Why the women of Abstract Expressionism still matter

     In the spirit of Women’s History Month, Artworks has invited guest blogger Charis Lillene Fleshner to write a brief blog post about Joan Mitchell, a woman artist who made a name for herself as a second generation abstract expressionist painter and printmaker. Joan Mitchell was born in Chicago, IL in 1925 and died in France in 1992. Although much of her career took place in France, she leaves a legacy as a major player in the American Abstract Expressionist movement. 

     Charis Lillene Fleshner is a mixed media collage artist currently working towards her MFA in painting and drawing at the University of New Mexico. Before starting her MFA, Charis earned an MA in art and design from the University of Northern Colorado, studying abstract expressionist Joan Mitchell using a/r/tography research methodology and assisting student teachers in the art education program. Before starting graduate studies, Charis earned her BFA in art education from University of North Texas and spent 7 happy but exhausting years teaching elementary art. Charis loves teaching art, snowy days, mountains, coffee, baking, hiking, and Goober cat, the best studio assistant cat ever. View her artwork at charismakesart.com.

Charis Lillene Fleshner

 

For my May 2015 M.A. thesis exhibition at Artworks Loveland, I had studied and sought inspiration from the abstract expressionist Joan Mitchell.  I found myself drawn to Joan Mitchell not only because her work takes my breath away, but especially because she possessed eidetic memory and synesthesia.  Eidetic memory is almost like a photographic memory but you vividly remember incidents and memories from life, like a movie in your head. Synesthesia means a person’s senses are wired in such a way that they intertwine more than the average person’s.  Mitchell could literally see sounds in color.  Describing her painting process, it was said that “a sort of peacefulness came over her as she started working, a kind of silence.  I felt in her manner of working something like a soloist beginning a piece by mentally emptying herself.” As an artist myself, I can relate to this emptying.  There are issues, thoughts, feelings, struggles that as a human, and further, a woman, that I empty into my work.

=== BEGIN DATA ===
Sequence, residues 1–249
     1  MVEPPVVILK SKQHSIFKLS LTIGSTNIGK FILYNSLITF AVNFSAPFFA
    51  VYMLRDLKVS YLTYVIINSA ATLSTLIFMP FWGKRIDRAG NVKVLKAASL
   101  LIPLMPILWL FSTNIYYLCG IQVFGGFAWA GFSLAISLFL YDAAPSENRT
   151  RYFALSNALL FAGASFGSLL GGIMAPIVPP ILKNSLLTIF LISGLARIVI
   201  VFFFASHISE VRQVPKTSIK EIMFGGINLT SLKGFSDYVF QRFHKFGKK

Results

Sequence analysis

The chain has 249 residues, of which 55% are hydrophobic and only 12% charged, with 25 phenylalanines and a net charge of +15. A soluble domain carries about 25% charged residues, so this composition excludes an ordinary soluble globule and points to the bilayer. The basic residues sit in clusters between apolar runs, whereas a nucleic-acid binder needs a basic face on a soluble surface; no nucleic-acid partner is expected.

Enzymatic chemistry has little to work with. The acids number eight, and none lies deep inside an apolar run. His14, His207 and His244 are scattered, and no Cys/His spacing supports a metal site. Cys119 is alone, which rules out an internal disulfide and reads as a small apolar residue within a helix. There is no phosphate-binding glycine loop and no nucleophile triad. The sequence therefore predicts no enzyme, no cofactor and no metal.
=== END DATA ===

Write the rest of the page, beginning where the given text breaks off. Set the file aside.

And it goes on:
Now as a MFA student at the University of New Mexico, I often hear that the abstract expressionism ship has sailed already and that the artist’s mark simply isn’t enough anymore.  My professors are pushing me to grow and push myself, which I appreciate.  I often think to myself, however, that we take the breakthroughs of the abstract expressionist women for granted.  They aimed, not to be great women painters, but great painters, challenging limitations that the male dominated painting field presented them with.

     In the fiercely competitive world that is art, and also in tough critiques of my work in the MFA program, I often find myself thinking that my ideas are “silly” and feel self-conscious.  I cannot separate emotions, perceptions, and personal experiences from my work…and don’t see myself changing this anytime soon.  I still find inspiration and strength in Joan Mitchell’s words: “I use the past to make my pictures, and I want all of it and even you and me in candlelight on the train and every lover I’ve ever had- every friend- nothing closed out.  It’s all part of me and I want to confront it and sleep with it- the dreams- and paint it.” All of me- the joy, the a pain, the silliness, the love- it belongs in my work. In a world that often feels cold, calculated, and full of obstacles, I’m thankful for the women of abstract expressionism for opening doors for me, for being vulnerable enough to empty themselves into their work, and for striving to be excellent artists above all else.

 

Joan Mitchell, Sunflower III, 1969, oil on canvas